When considering a move to cloud-based services, you need to consider the cost of the move itself, monthly cloud service fees, and your return on investment. Many businesses appreciate the switch to the cloud with its monthly pay-as-you-go model, verses a large payout every five years to replace servers as they reach the end of their useful life.
Servers are under constant use, wear out and need replacement every five years or you are putting your data at risk—nevermind what subsequent down time will mean in lost revenue every day as you scramble to get up and running again. New server specs vary as they are built based on the needs of your system, but count on each minimally costing $8-10K. Aside from the price tag of the servers themselves, there are costs associated with paying for someone to monitor and tend to their upkeep, including security, backups, and updates.
However, once on the cloud, all hardware, maintenance, back-ups, security, and 24/7 support is part of your monthly fee. You will still need someone to admin your applications, set permissions on the server, etc., but this person may have more time for other projects since a large part of their server work is now carried out by the cloud service provider. Your capital expenses are now distributed across many months instead of one lump sum every five years.
Another cloud system bonus is it reduces human error. In other words, no need to be lying in bed wondering, "Was our server backed up today?" Cloud services are extremely reliable. They have to be or they will not stay in business.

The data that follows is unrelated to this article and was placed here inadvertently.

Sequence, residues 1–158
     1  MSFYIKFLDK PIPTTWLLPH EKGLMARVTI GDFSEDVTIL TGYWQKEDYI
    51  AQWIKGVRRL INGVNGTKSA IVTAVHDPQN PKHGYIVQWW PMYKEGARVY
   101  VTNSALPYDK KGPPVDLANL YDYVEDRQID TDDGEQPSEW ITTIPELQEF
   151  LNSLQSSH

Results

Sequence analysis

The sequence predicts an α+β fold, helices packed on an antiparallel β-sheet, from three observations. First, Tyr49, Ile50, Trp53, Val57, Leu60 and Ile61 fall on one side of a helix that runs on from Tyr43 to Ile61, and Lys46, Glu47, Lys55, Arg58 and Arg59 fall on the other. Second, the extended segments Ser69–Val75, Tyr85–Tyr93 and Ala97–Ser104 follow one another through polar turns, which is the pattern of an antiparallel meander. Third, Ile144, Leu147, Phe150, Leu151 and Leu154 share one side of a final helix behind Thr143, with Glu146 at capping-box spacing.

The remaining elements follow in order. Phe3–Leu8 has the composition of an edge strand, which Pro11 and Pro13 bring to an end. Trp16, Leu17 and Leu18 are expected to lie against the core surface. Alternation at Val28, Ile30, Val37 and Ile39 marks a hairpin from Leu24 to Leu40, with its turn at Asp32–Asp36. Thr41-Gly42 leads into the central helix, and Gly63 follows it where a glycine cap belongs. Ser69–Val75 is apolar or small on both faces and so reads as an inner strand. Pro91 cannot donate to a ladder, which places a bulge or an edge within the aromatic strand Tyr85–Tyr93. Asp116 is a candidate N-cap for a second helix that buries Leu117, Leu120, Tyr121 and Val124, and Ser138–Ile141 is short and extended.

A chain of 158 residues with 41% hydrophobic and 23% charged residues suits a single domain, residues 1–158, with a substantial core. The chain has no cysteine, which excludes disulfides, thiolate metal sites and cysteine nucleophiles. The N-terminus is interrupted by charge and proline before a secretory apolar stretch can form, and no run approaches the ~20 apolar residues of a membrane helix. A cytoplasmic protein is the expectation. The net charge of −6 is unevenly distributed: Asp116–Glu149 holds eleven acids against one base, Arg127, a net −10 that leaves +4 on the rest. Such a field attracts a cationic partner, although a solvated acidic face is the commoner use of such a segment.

The cloud makes it easy to be geo-redundant. That is, if a cloud server goes down in one area, another can be up and running in another geographical area right away ensuring business continuity.
Data is also encrypted, meaning it is less accessible by hackers and data storage space is also pay-as-you-go, meaning you'll get exactly as much space as you need, and are not be charged for any space you don't. It's easy to add space or bandwidth right when your business needs it, almost instantaneously. Mobile access is easy too, for employees on the road or working from home.
Moving to a cloud-based service is not right for everyone. It depends how your business operates, your current architecture, performance requirements and your need to control your systems and data. Very often some parts of the business make sense in a cloud-computing environment, while other parts may not. And any migration should always include a review to standardize and automate certain functions, especially if it saves employees time and saves you money. Simpler is better. Even preparing for the cloud can result in significant cost savings as data is consolidated or security tightened.
If you are considering a move to the cloud, or just have questions, we are happy to talk with you about your particular situation.